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Reproductive Justice Program

Through the Reproductive Justice Program, NAWHERC works with a national, broad-based, and diverse coalition of Native American, women’s health, and civil liberties organizations to move forward an Agenda to protect our health and Human Rights. NAWHERC has brought to the forefront the issue of Indian Health Service’s lack of standardized sexual assault policies and protocols for sexual assault victims, documenting IHS's violations of Native women’s right to health care and pregnancy prevention services.

NAWHERC brings Native women together through the Roundtable process to document their voices concerning the impact of Federal Indian policy on their lives. By increasing awareness of government policies that affect the daily lives of Native women, NAWHERC uses activism to promote the voices of Native women at local, national, and international decision-making levels.

NAWHERC’s reports have been used by Congress, the U.N., the World Health Organization and university and policy institutes to bring awareness of the reproductive justice issues facing Indigenous women, and by Amnesty International’s Maze of Injustice report just released April 2007, which shows the failure to protect Indigenous women from sexual violence in the United States. NAWHERC’s work has resulted in policy changes such as improvements in informed consent, the provision of patients with results for abnormal pap tests and mammograms, treatment for HIV+ patients, patient confidentiality, and the discontinuation of Norplant.

In the News:
SisterSong Native Women's Reproductive Rights and Health Roundtable Convenes
Focus Group Details IHS Response to Reproductive Health Issues

Welcome to the Indigenous Women's Reproductive Justice and Pro-Choice Page!

The purpose of this page is to provide information concerning Indigenous women's reproductive health and their perspectives on pro-choice issues. Throughout history, Indigenous women have interacted with other Indigenous women through various women's societies. Traditionally, the matters pertaining to women were the business of women. All decisions concerning women's reproductive health were left up to the woman as an individual. Her decision was respected, and it was final. Oftentimes an Indigenous woman would turn to other women within her society for advice, mentoring, and assistance concerning reproductive health.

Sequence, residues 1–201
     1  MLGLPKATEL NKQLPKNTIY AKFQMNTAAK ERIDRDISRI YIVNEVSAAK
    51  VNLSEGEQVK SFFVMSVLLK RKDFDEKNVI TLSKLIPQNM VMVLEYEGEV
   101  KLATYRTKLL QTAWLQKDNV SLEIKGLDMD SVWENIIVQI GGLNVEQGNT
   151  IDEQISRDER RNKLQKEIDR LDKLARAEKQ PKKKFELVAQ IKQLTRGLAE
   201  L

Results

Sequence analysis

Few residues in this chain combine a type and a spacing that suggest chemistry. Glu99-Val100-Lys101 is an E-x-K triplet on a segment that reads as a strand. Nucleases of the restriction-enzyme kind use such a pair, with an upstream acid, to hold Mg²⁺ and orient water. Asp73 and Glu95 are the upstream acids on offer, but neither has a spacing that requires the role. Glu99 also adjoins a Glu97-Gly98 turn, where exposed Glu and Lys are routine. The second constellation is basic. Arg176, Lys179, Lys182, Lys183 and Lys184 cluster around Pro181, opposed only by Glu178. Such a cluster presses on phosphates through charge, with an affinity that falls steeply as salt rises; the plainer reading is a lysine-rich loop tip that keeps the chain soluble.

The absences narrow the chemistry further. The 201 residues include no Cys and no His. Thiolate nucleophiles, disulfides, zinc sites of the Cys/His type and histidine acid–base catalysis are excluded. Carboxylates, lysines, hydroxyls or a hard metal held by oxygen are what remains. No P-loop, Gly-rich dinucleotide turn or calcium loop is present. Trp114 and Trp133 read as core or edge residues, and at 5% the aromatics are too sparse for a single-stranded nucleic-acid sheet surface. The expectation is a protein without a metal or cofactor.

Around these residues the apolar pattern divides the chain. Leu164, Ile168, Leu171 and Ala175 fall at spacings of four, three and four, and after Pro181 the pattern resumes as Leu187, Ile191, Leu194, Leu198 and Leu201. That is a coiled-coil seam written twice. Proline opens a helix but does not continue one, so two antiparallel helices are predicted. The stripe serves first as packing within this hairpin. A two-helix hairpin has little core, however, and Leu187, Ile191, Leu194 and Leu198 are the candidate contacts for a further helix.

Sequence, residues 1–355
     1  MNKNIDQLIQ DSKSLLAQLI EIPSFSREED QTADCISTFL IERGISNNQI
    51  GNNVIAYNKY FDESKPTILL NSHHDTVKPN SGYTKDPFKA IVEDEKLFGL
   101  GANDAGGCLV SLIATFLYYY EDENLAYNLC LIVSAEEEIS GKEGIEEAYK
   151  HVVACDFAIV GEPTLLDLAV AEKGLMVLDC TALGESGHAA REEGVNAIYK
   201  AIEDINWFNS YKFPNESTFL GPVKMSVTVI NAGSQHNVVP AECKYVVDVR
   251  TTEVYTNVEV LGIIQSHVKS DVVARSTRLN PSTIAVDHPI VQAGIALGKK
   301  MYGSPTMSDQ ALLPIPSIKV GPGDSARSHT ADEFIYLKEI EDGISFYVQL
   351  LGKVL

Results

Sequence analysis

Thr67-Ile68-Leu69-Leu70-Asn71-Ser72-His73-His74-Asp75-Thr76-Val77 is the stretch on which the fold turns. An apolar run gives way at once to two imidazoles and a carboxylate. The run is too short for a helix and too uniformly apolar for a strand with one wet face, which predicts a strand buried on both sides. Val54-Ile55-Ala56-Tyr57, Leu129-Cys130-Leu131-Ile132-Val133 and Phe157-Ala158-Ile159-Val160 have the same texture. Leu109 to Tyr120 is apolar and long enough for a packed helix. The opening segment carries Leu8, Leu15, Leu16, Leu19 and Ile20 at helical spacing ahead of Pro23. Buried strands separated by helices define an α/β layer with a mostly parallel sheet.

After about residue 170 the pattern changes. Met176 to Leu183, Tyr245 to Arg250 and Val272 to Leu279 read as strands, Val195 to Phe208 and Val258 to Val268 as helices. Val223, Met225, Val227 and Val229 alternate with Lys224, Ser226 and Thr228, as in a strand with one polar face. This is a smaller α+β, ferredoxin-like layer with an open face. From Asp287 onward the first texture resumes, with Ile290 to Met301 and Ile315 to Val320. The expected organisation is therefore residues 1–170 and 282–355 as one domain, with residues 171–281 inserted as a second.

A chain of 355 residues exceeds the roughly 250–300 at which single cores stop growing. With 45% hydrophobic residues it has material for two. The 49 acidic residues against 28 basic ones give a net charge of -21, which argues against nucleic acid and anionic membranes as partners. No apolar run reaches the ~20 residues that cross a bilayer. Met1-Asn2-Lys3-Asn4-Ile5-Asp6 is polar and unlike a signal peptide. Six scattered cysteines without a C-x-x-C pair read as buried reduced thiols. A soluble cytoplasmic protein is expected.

The aboriginal people of the North Central Plains lived in not only a democracy, but also a matrilineal society when Pierre Radisson, the first white person, visited the villages in 1654. The Native women enjoyed a life unknown to white women in Europe, being free to own their own homes, participate in decisions about their government, and have control of their bodies.

In the ensuing years, the People were herded onto reservations and today live in hostage status, suffering every deprivation and loss of freedom. Our grandparents were forcibly taken from their families and sent long distances to schools where the teachings and wisdom of thousands of years of our civilization were brainwashed out of our grandparents' generation. The insidious erosion of identity, culture, spirituality, language, scientific, technical knowledge, and power created the chaos and violence in which we, as women, struggle to survive and live a decent life. With the imposition of colonization and Christianity, foreign values, belief systems, and practices were forced upon our communities. Within those foreign systems, decisions pertaining to reproductive health were made by the Church with little regard to individual rights. Traditionally, reproductive health issues were decisions made by the individual, and were not thrusted into the political arena for any kind of scrutinization. The core of decision-making for the Indigenous woman is between her and the Great Spirit.

Within traditional societies and languages, there is no word that equals abortion. The word itself is very harsh and impersonal. When speaking to traditional Elders knowledgeable about reproductive health matters, repeatedly they would refer to a woman knowing which herbs and methods to use "to make her period come." This was seen as a woman taking care of herself and doing what was necessary. Oftentimes women would turn to the women within her society that were the keepers of those herbs, medicines, and techniques for assistance.

With knowledge and appreciation of our history, we fully realize our status in today's society, as we state our rights and aspirations as Native women.

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